Watergate. The assassination of Archduke Ferdinand. Julius Caesar’s murder. American Slavery. The execution of Jesus of Nazareth. What do they have in common? All are crimes that changed the course of history.
Watergate started with a simple break-in, but it ended with the resignation of the President of the United States and an erosion of trust in America’s elected leaders.
The assassination of Archduke Ferdinand led to the start of the First World War, a conflict which reshaped the world both politically and culturally. Caesar’s murder in the Roman Senate led to political changes and the growth of Rome into an empire.
Slavery may not have been illegal before the Civil War, but it would be considered a crime today. The slave trade “robbed Africa of its people,” says The Atlantic magazine, “and perverted the foundation of America with a national sin.”
The crucifixion of Jesus was a shocking end to his earthly ministry, and it was a crime.
Jesus’s death came just five days after his triumphal entry into the capital city of Jerusalem, which we remember on Palm Sunday. His execution was a travesty of justice, one in which he was falsely charged with blasphemy and sedition. “He poured out himself in death,” says the prophet Isaiah, and died in a shameful way, “numbered with the transgressors” (53:12).
Jesus’ death actually changed history. “He bore the sin of many,” says Isaiah, “and made intercession for the transgressors” (v. 12). The execution of Jesus was a capital crime, not only because it involved the death penalty. We also call it a capital crime because it happened in the capital of Israel, the center of religious and political power, and because the word “capital” is attached to things that are highly important and extremely serious.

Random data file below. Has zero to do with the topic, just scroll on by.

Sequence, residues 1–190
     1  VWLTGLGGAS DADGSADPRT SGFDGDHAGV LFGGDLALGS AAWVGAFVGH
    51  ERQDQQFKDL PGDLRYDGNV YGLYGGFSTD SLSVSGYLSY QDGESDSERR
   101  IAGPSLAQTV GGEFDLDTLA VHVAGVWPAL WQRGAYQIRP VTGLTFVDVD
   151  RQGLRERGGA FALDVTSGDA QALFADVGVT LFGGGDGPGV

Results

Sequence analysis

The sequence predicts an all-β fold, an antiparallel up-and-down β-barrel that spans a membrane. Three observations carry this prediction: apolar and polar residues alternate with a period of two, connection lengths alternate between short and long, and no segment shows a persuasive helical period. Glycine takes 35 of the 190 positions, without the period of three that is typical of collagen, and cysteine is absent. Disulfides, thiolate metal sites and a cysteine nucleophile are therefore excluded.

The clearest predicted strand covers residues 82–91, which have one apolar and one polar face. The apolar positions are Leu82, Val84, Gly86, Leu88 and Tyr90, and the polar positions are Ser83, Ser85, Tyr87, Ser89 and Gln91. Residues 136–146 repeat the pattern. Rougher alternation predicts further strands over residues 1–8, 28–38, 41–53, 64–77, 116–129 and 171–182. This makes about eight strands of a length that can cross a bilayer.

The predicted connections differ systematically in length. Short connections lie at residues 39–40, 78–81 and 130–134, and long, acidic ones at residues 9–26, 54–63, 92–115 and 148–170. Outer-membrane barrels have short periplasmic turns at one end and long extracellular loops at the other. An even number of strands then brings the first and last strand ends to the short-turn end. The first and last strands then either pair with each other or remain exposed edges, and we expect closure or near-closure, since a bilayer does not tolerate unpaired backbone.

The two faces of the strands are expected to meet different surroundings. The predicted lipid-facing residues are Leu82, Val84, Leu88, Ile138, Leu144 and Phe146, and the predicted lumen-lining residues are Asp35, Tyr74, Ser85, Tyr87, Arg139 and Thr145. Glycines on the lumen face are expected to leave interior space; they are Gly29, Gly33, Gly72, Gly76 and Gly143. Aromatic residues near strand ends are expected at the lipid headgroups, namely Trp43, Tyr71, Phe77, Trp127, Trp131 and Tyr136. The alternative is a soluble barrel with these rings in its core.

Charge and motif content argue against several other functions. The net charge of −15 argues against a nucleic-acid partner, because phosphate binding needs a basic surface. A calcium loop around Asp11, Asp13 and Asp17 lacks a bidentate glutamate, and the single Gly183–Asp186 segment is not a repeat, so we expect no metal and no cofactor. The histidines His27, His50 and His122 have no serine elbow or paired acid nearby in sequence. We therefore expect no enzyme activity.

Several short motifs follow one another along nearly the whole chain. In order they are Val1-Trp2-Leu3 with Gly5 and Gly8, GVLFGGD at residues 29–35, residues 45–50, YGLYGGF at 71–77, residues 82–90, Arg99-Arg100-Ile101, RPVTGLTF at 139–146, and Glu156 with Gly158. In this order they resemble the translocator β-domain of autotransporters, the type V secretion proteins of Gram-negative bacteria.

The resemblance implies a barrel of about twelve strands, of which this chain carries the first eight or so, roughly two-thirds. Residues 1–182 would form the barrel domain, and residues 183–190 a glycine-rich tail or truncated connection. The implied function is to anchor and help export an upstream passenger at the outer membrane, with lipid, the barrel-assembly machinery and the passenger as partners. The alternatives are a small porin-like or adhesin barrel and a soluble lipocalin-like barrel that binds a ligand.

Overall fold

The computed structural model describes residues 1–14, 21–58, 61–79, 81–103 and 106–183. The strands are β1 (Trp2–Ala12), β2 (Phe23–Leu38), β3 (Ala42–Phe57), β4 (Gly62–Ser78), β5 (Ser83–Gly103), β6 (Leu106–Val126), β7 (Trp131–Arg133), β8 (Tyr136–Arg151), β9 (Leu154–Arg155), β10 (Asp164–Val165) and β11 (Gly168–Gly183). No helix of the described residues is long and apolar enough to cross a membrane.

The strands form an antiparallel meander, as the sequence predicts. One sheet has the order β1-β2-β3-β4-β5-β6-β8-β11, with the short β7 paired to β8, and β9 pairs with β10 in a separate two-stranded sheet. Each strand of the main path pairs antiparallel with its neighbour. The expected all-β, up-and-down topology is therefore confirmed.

The crucifixion of Jesus was a capital crime.
My novel City of Peace takes place in the Town of Occoquan in Virginia, just a half-hour drive from the capital of the United States. The serenity of this riverfront community is unexpectedly broken by the mysterious murder of the daughter of the local Iraqi baker, in what appears to be a capital crime.
Then the possibility of an attack by Islamic extremists emerges, which would be a horrendous crime against the entire region. Pastor Harley Camden, a newcomer to Occoquan, is challenged to build bridges to his neighbors, including Muslims and Coptic Christians. He also digs into the history of the ancient Galilean city of Sepphoris to find the secret to survival in a fractured and violent world.
Through it all, Harley tries to respond to danger as a follower of Jesus.
Harley shares a meal with his Coptic neighbors, just as Jesus ate the Passover meal with his disciples during Holy Week. He helps a young Muslim neighbor, without knowing if he is part of the terrorist plot. Harley could easily end up as a fulfillment of the prophecy of Isaiah, “Who could have imagined his future? For he was cut off from the land of the living” (53:8).
As a Christian, Harley makes a decision to approach the cross. He knows that Jesus, an innocent man, died on the cross in an act of capital punishment, and that this crime was one that changed the course of history. But Harley also knows that the crucifixion was not primarily a punishment. “The crucifixion of Jesus is the means by which God’s kingdom is actually launched on earth as in heaven,” says theologian N.T. Wright; “the powers are defeated, and this new world comes to birth.”
The launch of God’s kingdom may be hard to see on Good Friday, when Jesus is suffering and dying on the cross. Harley has a hard time grasping it when he is confronted with the death of an Iraqi woman and the possibility of a terrorist attack.
But remember, after the crucifixion comes the resurrection.
In City of Peace, it may be a killing and a terrorist threat that changes the history of the Town of Occoquan for the better. When have you see a crime change history, in a good way? Join the conversation through a comment below.